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We’ll sleep anywhere. We sleep on couches, outdoors in hammocks, in Motel 6’s wedged between the tracks and the onramp. And there’s nothing like the occasional escape to the Hampton Suites, where an inside connection gets us a sweet deal on the corporate comfort zone. Yes, they’re a bit sterile. Yes, the AC will kill you if you fall asleep with it set on HIGH COOL. But they have workout rooms, and free breakfast, if you rise early enough.

Paul M always rises early enough. If you stagger out of bed and down the long, long hallways in time to snag buffet eggs and cereal as they’re being carted away (Paul L often does, Shawn and Rob often don’t), Paul M will look up from his USA Today with a smile that tells you that things are more than a little all right.new paul m.jpg

It’s mid-afternoon, we’ve been working hard driving, and it’s just about picnic time for the roving Hawks. We’re on Highway 84 near Abilene, Texas, that’s not TX, that’s Texas, brick and stone farmhouses, some abandoned, cows, oil derricks and lots of drilling rig trucks, probably drilling new water wells. We pass a big wind farm, giant turbines spinning madly on a distant ridge. windmills in texas low res.jpg

The Texas highways are dotted by picnic areas right at the roadside, in mowed grass bounded by barb wire holding back the prairie or scrub. Concrete and steel shaded picnic tables. We’ve got some cold cuts, Muenster cheese and salsa, and we’re going to pull this off.This morning there was a huge hawk circling the parking lot of the Homestead Suites (which is code for Home for Suits), a pink monolith containing overnight human storage units, carpeted, of which we occupied two for the hot and windy night of Sunday, June 4, 2006. The hawk was battling several crows and smaller birds, for several minutes, before he fled out of view.

The other Hawks, the ones in the Suites, revitalized by their overnight storage, grabbed the luggage cart and exited into 102F heat, packed and drove, patronized Best Buy (Dazed and Confused DVD) and the post office (mailed posters to distant clubs), jumped on Highway 84 and headed southeast. We filled the Yukon with $2.78 gas (ever think you’d be thrilled to see such a price?) at the Walmart gas station at the entrance to the vast parking lot, in Outer Lubbock. Under noon sun Walmart seemed like a sensible solution to lonely distances and brutal heat. The bathroom was spotless, and the previous occupant had turned out the light. Here was order and common sense. South and east under pale blue skies past plowed red earth, alfalfa,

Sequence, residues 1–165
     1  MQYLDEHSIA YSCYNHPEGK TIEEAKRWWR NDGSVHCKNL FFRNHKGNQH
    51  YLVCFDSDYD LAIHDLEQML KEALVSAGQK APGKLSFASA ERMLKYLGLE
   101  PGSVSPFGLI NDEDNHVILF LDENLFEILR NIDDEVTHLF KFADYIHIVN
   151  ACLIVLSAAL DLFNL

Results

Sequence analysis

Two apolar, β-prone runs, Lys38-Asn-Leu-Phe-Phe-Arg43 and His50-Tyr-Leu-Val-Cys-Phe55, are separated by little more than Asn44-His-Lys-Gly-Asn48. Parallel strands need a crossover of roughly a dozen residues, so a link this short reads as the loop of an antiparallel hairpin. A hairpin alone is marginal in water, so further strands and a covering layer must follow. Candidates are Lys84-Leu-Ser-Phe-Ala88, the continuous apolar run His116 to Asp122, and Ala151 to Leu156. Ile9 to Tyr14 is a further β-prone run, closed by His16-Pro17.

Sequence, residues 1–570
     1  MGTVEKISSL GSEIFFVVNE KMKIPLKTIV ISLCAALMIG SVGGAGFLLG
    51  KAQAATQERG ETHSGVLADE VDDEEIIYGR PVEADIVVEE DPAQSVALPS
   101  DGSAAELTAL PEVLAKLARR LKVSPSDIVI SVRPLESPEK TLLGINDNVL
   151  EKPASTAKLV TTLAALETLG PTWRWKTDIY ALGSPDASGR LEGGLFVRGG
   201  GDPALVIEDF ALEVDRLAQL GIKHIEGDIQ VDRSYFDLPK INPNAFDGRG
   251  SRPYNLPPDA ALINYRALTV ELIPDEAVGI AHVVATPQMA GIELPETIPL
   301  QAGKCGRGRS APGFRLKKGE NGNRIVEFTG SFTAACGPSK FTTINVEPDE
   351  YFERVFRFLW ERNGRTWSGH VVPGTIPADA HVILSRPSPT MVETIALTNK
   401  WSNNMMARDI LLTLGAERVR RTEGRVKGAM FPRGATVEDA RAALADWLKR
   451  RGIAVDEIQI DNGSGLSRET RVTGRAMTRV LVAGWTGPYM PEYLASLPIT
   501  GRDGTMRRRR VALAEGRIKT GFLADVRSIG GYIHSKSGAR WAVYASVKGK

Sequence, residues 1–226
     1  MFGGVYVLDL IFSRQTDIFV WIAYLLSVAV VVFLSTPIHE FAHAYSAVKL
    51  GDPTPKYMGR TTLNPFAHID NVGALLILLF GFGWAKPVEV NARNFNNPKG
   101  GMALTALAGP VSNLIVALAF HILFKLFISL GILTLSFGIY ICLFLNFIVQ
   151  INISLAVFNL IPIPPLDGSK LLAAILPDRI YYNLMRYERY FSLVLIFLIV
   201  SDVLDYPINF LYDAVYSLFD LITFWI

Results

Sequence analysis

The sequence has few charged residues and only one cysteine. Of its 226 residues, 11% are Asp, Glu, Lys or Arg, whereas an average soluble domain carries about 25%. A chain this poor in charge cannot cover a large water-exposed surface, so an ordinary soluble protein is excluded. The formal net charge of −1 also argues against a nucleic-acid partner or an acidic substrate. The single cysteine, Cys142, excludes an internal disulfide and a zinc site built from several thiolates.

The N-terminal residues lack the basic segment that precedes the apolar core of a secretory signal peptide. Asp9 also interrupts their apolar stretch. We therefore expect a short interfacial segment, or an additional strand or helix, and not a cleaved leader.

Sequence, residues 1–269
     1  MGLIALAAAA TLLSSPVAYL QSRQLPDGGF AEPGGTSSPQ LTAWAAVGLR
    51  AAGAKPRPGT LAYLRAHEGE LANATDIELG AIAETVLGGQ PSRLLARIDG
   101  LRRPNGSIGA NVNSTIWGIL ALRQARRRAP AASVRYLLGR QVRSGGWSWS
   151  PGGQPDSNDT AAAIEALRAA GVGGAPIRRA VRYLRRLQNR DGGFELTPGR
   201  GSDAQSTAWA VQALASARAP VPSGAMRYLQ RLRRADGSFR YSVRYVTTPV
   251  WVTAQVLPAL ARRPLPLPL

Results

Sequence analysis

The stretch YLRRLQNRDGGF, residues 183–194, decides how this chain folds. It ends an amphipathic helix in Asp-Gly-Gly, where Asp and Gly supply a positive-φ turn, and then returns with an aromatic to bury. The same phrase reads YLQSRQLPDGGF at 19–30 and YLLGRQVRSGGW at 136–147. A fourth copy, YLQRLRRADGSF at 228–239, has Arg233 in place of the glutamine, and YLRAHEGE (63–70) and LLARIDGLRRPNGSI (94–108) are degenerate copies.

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and big old silos.

silo.jpgNow, mid-afternoon, we choose a picnic spot about 60 miles southeast of Lubbock, a very nice picnic table under a concrete and steel awning, make sandwiches while the wind howls. Don’t sit downwind from Paul L dipping chips into salsa. Is it possible that Texas picnic roadsides are built in windy areas on purpose? 104 degree heat feels good when the wind blows, and you’re in the shade. Here’s to shade appreciation. Standing in the shade is a dying art in Los Angeles. The plums and oranges are delicious.

Well, that was great. What a picnic. PM said it was the best picnic he’d ever attended.

picnic in texas.jpgWe continued south and east, zig zagged through Abilene, Paul Marshall sang a verse of the song. This is a big state, even chopped up into two days; more red earth, farms, solid limestone block old houses, wood frame houses, abandoned houses and crumbling stone fences.

Here’s a handy travel tip: Has your Snickers bar melted in the Texas heat? Tape it to the AC vent for about 45 minutes. Check frequently for desired hardness.snickers.jpg

We stole free wi fi from the closed café in Fredericksburg, where we all agreed would be a good place to settle down. Now we’re heading due east on 290, just passed Lyndon Johnson’s ranch, the sun’s casting very long shadows on the cows and round brown hay bales in the green pastures ringed by mighty oaks. We’re going to turn north on MacGregor and wander the narrow lane through Texas hill country scrub to our friends Geoff and Sally, who have a no doubt magnificent salad waiting for us in the House That Sally Built. The heat down here feels good. No smog. It’s good.
We arrive at Geoff and Sally’s in Dripping Springs adjacent hill country as darkness descends.
Jeff lets us in the massive iron gate built by Sally, we re-bro with the barking dogs, and eat a salad, bread and cheese feast prepared by our too kind two friends. We fall asleep, Paul L sleeping outside under a mosquito net. It was hot all night, and the bugs buzzed.